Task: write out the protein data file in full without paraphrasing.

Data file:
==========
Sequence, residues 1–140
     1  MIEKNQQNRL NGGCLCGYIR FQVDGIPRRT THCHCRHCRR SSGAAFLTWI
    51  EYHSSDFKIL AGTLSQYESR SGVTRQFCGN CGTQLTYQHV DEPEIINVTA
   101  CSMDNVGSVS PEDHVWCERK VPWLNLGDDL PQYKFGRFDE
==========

Sequence, residues 1–140
     1  MIEKNQQNRL NGGCLCGYIR FQVDGIPRRT THCHCRHCRR SSGAAFLTWI
    51  EYHSSDFKIL AGTLSQYESR SGVTRQFCGN CGTQLTYQHV DEPEIINVTA
   101  CSMDNVGSVS PEDHVWCERK VPWLNLGDDL PQYKFGRFDE